What happened afterward was extraordinary. People did come together online and off. Friendships were struck. We even broke a few rules along the way. It was an organic form of community building that was needed at the time. The whole thing lasted longer than most people predicted.

There was an interesting twist to my second time in Concord. My then-roommate/landlord was in a long term relationship with a car guy. He had various classic Chryslers and left said person with an AMC Eagle. When the partner died, the landlord/roommate had to sell the classics. This air of automotive enthusiasm certainly help fuel my enthusiasm for the automobile knowing that, yes, there are gay/bisexual men who love cars as equally as I do…sort of.

That year was amazing that what transpired as an online discussion thread turned out to be the basis of the work you see today. Even in the periphery of Gen-X Bears, I still maintained the enthusiasm for the automobile even though I no longer had a vehicle to own. I did not need to, as my automotive ADD began to permeate my soul.

Through Gen-X Bears, I did observe one automotive anomaly. Bear culture was supposed to embody masculinity. That was fueled in part by images of men driving pickup trucks and Jeep Wranglers. I pointed out early on that it was absolutely not true. The Bears I knew drove compact cars – Saturns, Nissan Sentras, Geo Metros and the like.

In the throes of doing this work, there are reminders of the events of twenty years ago that keep popping upon occasion. For example, the friendships I made over this time circle right back to this professional endeavor. They read this work, which I am grateful for. Sometimes, they would occasionally message me on Facebook to find out what I think about certain vehicles. Others was a part of the overall arc of this work from providing me my first job in journalism to the creation of this website.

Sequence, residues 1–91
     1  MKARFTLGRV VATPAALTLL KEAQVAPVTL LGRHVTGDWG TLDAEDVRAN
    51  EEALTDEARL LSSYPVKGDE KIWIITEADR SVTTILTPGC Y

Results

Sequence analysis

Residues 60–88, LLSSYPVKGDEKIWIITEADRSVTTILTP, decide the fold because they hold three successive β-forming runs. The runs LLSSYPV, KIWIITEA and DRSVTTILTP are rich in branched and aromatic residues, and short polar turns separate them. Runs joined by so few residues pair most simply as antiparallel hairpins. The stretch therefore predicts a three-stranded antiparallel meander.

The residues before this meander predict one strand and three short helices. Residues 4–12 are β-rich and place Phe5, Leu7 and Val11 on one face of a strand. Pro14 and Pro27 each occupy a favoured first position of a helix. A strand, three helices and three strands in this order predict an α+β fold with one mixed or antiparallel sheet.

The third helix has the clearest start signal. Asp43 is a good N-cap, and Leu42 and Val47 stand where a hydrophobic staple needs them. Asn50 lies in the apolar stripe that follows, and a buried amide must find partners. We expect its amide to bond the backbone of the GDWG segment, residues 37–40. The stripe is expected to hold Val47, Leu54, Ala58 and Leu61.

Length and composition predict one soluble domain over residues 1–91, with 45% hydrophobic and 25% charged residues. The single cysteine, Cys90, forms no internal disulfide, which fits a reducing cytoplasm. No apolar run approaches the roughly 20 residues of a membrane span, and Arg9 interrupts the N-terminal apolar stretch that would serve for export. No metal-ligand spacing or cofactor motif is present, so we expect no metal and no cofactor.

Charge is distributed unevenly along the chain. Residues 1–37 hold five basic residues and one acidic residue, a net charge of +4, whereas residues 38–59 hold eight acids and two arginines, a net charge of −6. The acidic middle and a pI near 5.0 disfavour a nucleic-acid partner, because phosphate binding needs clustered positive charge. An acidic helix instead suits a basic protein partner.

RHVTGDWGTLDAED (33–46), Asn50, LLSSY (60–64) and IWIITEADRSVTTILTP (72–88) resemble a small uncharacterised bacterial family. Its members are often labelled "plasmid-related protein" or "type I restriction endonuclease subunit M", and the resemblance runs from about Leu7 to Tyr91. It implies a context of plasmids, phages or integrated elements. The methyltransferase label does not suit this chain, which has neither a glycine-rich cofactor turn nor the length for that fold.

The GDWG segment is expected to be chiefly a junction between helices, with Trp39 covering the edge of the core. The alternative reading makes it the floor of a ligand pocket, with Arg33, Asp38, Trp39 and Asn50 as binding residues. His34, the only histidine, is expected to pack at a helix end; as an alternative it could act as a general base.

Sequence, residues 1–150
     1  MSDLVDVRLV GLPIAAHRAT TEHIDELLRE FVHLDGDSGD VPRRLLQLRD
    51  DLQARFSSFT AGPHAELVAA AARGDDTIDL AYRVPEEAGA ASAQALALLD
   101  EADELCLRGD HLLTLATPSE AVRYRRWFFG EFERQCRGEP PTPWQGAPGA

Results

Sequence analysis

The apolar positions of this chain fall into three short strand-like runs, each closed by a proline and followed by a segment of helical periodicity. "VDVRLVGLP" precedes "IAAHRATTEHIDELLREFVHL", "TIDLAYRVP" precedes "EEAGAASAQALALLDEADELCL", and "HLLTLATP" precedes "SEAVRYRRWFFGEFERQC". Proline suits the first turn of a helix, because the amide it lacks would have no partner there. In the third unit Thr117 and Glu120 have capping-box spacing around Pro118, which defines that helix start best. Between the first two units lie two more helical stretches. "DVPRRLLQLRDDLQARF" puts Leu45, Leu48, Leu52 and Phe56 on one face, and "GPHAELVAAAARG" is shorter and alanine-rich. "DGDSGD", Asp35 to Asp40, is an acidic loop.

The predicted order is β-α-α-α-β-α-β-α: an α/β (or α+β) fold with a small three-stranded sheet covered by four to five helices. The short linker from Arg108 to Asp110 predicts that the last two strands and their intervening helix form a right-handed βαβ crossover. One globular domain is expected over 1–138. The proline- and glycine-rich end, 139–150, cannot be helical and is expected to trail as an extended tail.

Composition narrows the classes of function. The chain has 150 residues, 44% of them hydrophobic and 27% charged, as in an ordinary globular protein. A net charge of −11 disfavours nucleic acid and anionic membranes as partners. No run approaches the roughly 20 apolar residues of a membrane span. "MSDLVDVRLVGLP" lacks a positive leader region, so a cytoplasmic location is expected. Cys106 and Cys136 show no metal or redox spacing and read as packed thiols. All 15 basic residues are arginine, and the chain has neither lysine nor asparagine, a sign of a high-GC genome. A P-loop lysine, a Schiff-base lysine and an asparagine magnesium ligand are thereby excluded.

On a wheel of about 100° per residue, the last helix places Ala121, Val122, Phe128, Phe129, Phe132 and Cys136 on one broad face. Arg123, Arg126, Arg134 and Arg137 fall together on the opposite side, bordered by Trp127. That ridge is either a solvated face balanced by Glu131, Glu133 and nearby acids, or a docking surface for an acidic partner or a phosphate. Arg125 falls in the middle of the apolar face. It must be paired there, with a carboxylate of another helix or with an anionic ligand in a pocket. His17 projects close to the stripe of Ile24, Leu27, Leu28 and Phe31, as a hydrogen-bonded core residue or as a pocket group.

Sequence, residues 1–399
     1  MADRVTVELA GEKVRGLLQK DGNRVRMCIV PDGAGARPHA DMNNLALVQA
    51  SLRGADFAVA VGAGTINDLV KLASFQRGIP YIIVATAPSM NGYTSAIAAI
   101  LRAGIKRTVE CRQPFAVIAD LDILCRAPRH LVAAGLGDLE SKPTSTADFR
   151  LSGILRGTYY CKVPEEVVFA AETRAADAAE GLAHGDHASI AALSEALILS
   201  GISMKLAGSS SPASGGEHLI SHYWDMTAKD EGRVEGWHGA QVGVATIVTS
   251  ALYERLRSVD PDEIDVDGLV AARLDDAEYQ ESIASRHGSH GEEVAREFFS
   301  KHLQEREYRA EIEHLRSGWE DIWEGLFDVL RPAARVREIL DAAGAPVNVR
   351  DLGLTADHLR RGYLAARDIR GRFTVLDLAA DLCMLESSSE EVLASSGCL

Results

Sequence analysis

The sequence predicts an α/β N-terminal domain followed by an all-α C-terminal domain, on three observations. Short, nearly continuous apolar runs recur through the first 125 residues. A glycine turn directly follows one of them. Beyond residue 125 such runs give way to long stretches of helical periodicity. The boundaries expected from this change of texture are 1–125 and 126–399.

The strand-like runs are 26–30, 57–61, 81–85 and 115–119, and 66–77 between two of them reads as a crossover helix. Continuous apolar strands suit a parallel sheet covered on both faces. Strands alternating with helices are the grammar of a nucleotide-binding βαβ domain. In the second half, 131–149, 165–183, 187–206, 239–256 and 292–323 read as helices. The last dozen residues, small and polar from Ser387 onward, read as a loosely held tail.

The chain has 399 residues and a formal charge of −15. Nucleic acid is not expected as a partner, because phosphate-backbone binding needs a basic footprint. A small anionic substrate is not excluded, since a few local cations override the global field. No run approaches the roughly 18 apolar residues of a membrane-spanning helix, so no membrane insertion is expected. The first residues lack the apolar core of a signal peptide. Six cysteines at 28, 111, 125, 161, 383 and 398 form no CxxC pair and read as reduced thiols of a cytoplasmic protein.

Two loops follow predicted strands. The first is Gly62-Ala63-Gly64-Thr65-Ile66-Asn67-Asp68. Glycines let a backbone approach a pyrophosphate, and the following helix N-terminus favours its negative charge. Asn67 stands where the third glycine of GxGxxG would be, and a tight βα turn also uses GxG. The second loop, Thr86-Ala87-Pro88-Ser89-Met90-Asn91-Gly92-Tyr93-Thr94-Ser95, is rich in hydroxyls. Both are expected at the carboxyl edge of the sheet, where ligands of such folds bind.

What is amazing is how much we GXB'ers have emerged from Bear culture onto new endeavors in both work and life. Some have moved onto the creative realm through work that is outstanding in every way. For those of us who have moved beyond the trappings of the culture, we found peace in our lives through the things we do, the people we love and the lives we now live. The world has changed around us – marriage equality and other advances never thought to become reality twenty years ago.

Plus, the relationship between the LGBT community and the automotive industry has changed. In some places, there are companies that welcome us at work and are doing more than just exhibiting equality within the walls of the company's facilities. We are becoming more prominent in every aspect of the business – from marketing, design and engineering to the retail and servicing of our vehicles. This was another change I always dreamed of, even at the beginning of Gen-X Bears.

I have since forgotten about those moments twenty years ago. Some of obvious reasons…mainly to never repeat the same mistake(s) again. However, to look back is to see and know where you are at today. Gen-X Bears was a moment that I do look back. It has yielded so much for me professionally and personally.

One could question whether a movement to bring a generation of subculturally-identified men onto a larger stage has to with a career in automotive journalism. You are not the only one. It is something that I have to admit that is a part of my psyche: "I'm a doer." When the moment comes and the research plays in favor of that idea…it is done. Sure, there are some things to learn prior and "on the job," but it will be done.

Perhaps that is why I am thankful for the moments I lived through twenty years ago that frame what I do today.